The hunt for the perfect suitcase, Chapter 3…

IMG_0407This is a product review, arising from my never ending quest for the perfect suitcase*. Whilst there is talk of e-bundles, and much berating of us for exceeding the 350 page bundle limit, in my day to day travels to and from court this is nothing but a distant dream. I am perpetually exceeding my own personal baggage allowance (as my back, knees and elbows would tell you if on they could talk). So the bar will still be needing a regular supply of not-knackered new suitcases for the forseeable future.

So. After my last suitcase fiasco I went back to the old style Tripp basic suitcases available from Debenhams, plus a similar one that I got from a Tesco offer. No Mulberry handbags round here Missus.

But then, I saw a colleague’s latest acquisition and I wanted one. A super dooper bomb proof rain proof affair so secure you could lock a whole information commissioner inside and he’d never get out. With its own padlock to stop anyone nicking your papers whilst you are distracted rooting around in the bottom of your handbag looking for your train ticket. This was a Peli case. And the lovely people at Peli were kind enough to let me have one to test out (a Peli 1440 to be precise), just so I could write this review.

So, what’s my expert opinion?

IMG_0408Well. It IS super dooper. It is robust if not unbreakable, has a waterproof rubber seal and perfectly protects whatever is inside. But they aren’t cheap, and would be an investment.

It provokes an interesting reaction from clients, colleagues and security staff, largely because it looks from the outside like it might be full of fishing tackle or spanners.

Because it is a robust beast, made of some sort of toughened resin it is also very heavy. I would say that when empty it is equivalent to pulling a lightweight suitcase with a PD27 compliant 349 page bundle and a red book. By the time it is full of the 3 lever arch files, red book and a pair of shoes that I usually fill it with it is like trying to drag your granny along the ground on a sack (Although why you would be doing that I don’t know).

It has good wheels, although it is a tad noisy on cobbles. Due to its rather low chassis it can scrape along or get caught on cobbles or uneven paving slabs, but basically ploughs through uneven mud. It is utterly lethal if you do let the handle slip and it drops on your leg and suprisingly easy to pulverise a toe with. If you were toting it fully laden with bundles and accidentally swiped a passer by you may be very unpopular. I wouldn’t fancy it on the tube.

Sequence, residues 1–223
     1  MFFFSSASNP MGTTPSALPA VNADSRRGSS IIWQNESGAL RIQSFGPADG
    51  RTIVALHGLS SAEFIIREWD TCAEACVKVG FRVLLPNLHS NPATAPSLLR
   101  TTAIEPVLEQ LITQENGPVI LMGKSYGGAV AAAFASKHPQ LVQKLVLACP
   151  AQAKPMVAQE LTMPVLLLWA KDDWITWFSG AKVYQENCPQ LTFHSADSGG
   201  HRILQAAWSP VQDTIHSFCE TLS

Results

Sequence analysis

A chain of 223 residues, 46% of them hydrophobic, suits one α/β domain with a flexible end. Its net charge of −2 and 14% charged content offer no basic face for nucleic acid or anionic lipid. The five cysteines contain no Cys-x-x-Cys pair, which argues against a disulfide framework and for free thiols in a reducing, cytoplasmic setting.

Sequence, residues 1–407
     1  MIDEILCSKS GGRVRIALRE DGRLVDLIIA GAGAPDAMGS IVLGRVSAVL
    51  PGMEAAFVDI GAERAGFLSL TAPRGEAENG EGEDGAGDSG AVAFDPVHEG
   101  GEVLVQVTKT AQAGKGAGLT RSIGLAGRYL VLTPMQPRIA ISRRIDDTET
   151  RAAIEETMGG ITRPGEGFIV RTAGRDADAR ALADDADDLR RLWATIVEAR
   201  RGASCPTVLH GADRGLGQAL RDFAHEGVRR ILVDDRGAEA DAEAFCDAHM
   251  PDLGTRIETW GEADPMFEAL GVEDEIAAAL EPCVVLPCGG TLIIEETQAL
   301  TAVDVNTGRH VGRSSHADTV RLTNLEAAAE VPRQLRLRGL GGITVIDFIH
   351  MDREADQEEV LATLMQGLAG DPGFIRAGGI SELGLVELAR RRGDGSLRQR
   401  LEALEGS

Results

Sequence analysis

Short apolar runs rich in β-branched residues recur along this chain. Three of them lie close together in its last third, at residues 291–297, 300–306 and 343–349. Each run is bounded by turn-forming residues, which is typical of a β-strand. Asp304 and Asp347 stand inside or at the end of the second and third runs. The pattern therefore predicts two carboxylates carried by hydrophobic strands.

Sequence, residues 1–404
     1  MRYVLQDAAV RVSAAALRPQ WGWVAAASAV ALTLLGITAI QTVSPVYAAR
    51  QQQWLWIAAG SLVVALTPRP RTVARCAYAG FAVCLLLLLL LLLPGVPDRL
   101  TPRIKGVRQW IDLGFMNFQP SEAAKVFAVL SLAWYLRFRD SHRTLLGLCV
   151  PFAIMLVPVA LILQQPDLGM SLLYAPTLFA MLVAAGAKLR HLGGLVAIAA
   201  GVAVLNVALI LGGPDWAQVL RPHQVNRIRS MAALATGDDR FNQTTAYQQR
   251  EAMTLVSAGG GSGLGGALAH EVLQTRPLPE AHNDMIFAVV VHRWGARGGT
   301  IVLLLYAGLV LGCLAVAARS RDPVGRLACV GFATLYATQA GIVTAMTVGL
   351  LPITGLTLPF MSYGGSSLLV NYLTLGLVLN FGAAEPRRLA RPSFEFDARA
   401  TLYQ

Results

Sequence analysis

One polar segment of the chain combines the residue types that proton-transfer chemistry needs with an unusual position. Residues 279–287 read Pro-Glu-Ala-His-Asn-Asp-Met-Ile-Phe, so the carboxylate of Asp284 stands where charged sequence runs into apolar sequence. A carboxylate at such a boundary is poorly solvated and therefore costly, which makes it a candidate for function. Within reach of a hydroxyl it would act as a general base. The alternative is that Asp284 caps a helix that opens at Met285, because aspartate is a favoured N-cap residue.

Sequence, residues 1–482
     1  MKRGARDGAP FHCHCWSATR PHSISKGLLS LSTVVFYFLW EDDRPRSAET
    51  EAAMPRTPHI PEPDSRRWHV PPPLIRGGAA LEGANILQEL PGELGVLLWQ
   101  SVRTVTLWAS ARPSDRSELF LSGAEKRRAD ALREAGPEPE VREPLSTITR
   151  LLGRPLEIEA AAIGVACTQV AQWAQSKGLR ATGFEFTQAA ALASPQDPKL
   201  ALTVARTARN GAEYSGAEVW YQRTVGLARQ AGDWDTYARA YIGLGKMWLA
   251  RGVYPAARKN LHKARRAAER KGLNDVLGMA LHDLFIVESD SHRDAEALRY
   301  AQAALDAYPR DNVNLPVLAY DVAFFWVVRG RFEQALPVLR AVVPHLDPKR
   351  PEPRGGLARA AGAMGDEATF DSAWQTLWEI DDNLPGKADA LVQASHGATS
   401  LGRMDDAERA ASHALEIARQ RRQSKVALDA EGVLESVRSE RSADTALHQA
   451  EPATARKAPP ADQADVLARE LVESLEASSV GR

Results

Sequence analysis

IMG_0406I have found in practice that this suitcase is just too heavy for little old me, and although it has some fantastic features the sheer effort required outweighs the benefits. For others the balance may be different, so I think it is worth considering. There are a whole range of sizes and dimensions – my colleague has one that holds 5 lever arches, but that for me is just too heavy altogether. Due to the wide and low briefcase shape I selected it is difficult to neatly chicane around people without knocking your own leg out from under you as you turn the suitcase – the wheelbase is quite wide, so it doesn’t easily spin round to be tucked into the corner of a lift as you get in, and you can’t easily flip it around on its axis to reverse out of a tight spot.

IMG_0409So, whilst I do use my suitcase and will continue to do so I will not be ditching my trusty Tripp just yet.

I imagine it would not be too difficult for this company to modify this range so that they produced something a bit lighter and a bit less “toolbox” but which still kept the best features. If they did I would be the first to buy it.


*I haven’t been paid anything for this post, although I have got a free suitcase out of it.

Statistical Release – exceptional legal aid

New stats are out for Legal Aid and Family Courts here.

For the period Oct – Dec 2014 the proportion of s10 exceptional legal aid applications that were granted is much improved, and is now at approximately 25% (previously under 4% for the period April 13 – Mar 14 and only c1% for family cases).

But dig a bit deeper and the improvement is not anything like as marked as it at first appears. The 25% figure is for s10 applications in all areas, not just family. A significantly better rate of approval for inquests in particular masks the fact that in family only 13 of 104 applications were granted. So the rate is something more like 12%.

More worryingly the number of applications (all types overall) is down 31% on the same period last year, according to the release. However, rather unhelpfully I can’t locate the statistics for the same period last year on the website (try as I might). The best I can do is to make a comparison with the period Apr 13 – Mar 14. In that period there were an average of 379 applications per quarter of which 204 (54%) were family. By contrast family applications now make up only 37% of all applications. And the total number of applications is down by 26% compared with the average per quarter in that earlier period, whilst family applications are now 48% lower than than in the earlier period.

So it looks to me as if the picture for exceptional legal aid is improving in some areas post the Gudanaviciene appeal, but that people are not bothering to apply for exceptional funding in family cases in such great numbers as they initially were, and that whilst the hit rate is better, it is not by much.